Bearded Dragon Brumation: What are the Signs?

Brumation is a reptile version of hibernation. It occurs in fall and winter. Discover what to do during your bearded dragon brumation in our guide:

Brumation is a reptile version of hibernation, or “winter sleep”. It occurs within the same time period – fall and winter, but it is different from hibernation in the sense that reptiles do not shut down their metabolism completely – they just slow it down.

Bearded dragons experience brumation too, and not just in the wild. Beardies entering autumn slumber is something that is commonly seen in a terrarium setting. However, each bearded dragon will brumate differently and maintain different levels of activity.

While brumating, your beardie will fall into a sleep-like state that will last for months. During that time, he might not eat or drink a lot – or not at all.

Naturally, that gets many owners worried. Still, always remember that brumation is a natural process which should not be stopped, but helped.

> Further Reading: The Complete Bearded Dragon Care Sheet

The Bearded Dragon Brumation Signs

The first sign of brumation is a radical change in behavior. That includes:

  • Frequent hiding
  • More naps and “sleepy look”
  • Sluggish movement
  • Poor appetite

Otherwise, bearded dragon ready to brumate should seem healthy – with clean and elastic skin, clear eyes, no gaping mouth or other signs of infection.

If your beardie is trying to brumate out of season (in the summer), or he is under a year old – it is highly likely that his health is compromised and that his behavior only mimics brumation.

Poor UVB lighting, improper temperature, vitamin and mineral insufficiency, vitamin overdose (especially with D3) or infections can be a cause of the brumation-like behavior. It is not something that you should tolerate – the underlying causes should be addressed as soon as possible.

> Further Readings:
The bearded dragon diet
The bearded dragon habitat

bearded dragon brumation signs

What if a Few Months Old Beardie is Still Trying to Brumate?

According to some opinions, beardies that are under a year old can still enter brumation. In nature, beardies certainly cannot avoid brumation just because they are “too young” for it by our standards.

The main concern about beardies that are younger than a year old is that still don’t have the full adult body mass. Therefore, if something happens to be wrong (e.g. parasites) and they enter brumation, they will waste away much quicker than an adult.

To be on the safe side, take your beardie for a vet checkup prior to late Autumn, just to check if he is parasite-free and in good general condition.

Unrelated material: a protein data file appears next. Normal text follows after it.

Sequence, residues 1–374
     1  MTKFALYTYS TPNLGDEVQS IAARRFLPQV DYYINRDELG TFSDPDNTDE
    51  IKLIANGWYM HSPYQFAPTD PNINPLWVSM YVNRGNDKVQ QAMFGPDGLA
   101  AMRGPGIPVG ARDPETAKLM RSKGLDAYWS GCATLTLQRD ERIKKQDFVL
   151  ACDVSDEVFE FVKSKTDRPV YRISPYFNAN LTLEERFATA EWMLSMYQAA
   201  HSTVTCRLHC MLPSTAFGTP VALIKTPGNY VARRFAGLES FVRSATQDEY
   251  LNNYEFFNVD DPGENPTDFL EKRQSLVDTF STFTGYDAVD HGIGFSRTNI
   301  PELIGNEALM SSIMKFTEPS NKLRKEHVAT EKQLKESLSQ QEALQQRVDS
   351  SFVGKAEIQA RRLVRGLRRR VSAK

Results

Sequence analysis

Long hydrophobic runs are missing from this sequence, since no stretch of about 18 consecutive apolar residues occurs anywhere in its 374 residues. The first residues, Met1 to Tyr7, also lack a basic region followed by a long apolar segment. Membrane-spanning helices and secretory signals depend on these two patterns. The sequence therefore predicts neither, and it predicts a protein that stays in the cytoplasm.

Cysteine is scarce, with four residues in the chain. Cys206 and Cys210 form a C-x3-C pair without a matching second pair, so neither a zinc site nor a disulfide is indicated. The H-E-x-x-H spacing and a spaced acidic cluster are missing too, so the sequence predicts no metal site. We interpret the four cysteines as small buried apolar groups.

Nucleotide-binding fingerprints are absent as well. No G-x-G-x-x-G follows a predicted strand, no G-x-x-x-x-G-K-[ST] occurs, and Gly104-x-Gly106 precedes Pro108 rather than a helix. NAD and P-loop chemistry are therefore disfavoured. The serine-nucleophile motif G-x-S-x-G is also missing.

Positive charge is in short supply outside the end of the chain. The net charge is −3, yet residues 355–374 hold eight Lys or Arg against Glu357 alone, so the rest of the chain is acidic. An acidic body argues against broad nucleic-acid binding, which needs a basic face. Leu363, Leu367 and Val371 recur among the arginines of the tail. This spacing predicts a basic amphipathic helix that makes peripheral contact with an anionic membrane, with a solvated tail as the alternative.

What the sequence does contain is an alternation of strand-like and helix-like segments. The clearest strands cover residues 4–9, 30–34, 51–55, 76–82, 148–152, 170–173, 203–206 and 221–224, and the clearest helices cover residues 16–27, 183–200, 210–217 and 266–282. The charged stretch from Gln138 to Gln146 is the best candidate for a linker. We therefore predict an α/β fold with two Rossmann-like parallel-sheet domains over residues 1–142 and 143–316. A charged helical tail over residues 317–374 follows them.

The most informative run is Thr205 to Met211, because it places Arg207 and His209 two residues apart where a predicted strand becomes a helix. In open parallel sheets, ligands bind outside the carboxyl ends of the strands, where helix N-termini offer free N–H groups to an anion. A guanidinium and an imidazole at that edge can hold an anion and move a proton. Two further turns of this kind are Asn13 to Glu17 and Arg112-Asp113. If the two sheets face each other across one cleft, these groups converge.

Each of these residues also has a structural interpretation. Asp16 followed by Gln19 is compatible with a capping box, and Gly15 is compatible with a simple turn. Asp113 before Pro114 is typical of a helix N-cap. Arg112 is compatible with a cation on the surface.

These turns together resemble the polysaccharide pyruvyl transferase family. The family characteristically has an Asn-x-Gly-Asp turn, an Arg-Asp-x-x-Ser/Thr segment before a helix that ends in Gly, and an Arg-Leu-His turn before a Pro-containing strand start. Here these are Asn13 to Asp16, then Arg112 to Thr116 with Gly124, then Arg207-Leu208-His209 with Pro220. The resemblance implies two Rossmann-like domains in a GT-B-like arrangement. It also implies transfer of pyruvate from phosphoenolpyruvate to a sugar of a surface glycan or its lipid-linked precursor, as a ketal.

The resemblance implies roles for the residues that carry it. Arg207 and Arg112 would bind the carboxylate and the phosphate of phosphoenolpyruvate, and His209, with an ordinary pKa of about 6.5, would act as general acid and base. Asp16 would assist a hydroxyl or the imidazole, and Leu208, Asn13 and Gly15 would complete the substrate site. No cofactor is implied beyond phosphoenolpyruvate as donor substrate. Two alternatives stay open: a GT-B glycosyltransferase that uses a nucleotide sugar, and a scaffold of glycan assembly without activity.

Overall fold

What to Do Before the Bearded Dragon Brumation?

There are several steps you can take before and during brumation to ensure the process will go safely.

  • Give him some extra food so he can fatten up a bit prior to brumation time, which would be late autumn.
  • Measure your beardie’s weight through the autumn to ensure you keep check of the trends – if he is gaining or losing weight.
  • Test him for parasites. Parasite infestations can remain completely under the radar until your dragon goes through a period of stress. Although brumation is natural, it does pose a significant strain on your pet’s body – which is a perfect moment for parasite proliferation in the case they are present.

Do not take the question of parasites during brumation lightly, since it can mean the difference between life and death for some beardies.

Most vets should be able to perform standard tests for common beardie endoparasites – pinworms and coccidia. Depending on the number of parasites, a good reptile vet will suggest therapy if needed.

Do not get disturbed if your beardie gets some low parasite counts and your vet doesn’t suggest any therapy – many bearded dragons have a certain amount of coccidia which does not harm them as long as the counts are low. group of bearded dragons

What to Do During the Brumation?

The most important thing to do for your beardie during brumation is – let him be. Apart from the basic care, beardie should be left alone as much as possible.

  • When you notice the brumation signs and you’ve ensured that your beardie is healthy, you can help him enter brumation by shortening their day. Reduce the lights gradually each week by 30 minutes until you get from the standard 12-14 hours to 8-10 hours a day. The temperature can go down a bit, but should always remain well in the recommended range. Note that brumation will happen regardless if you shorten your beardie’s day or not. This only a way to make it more natural (plus save some power).
  • If the autumn comes, and your beardie is not showing signs of brumation – do not try to force him into it.
  • Don’t get worried if the brumation lasts for months – eg. November thru March. Many owners get anxious and feel the need to wake their beardie up, but you should definitely not do it. If you’ve determined that your pet is healthy, there is absolutely no need to panic.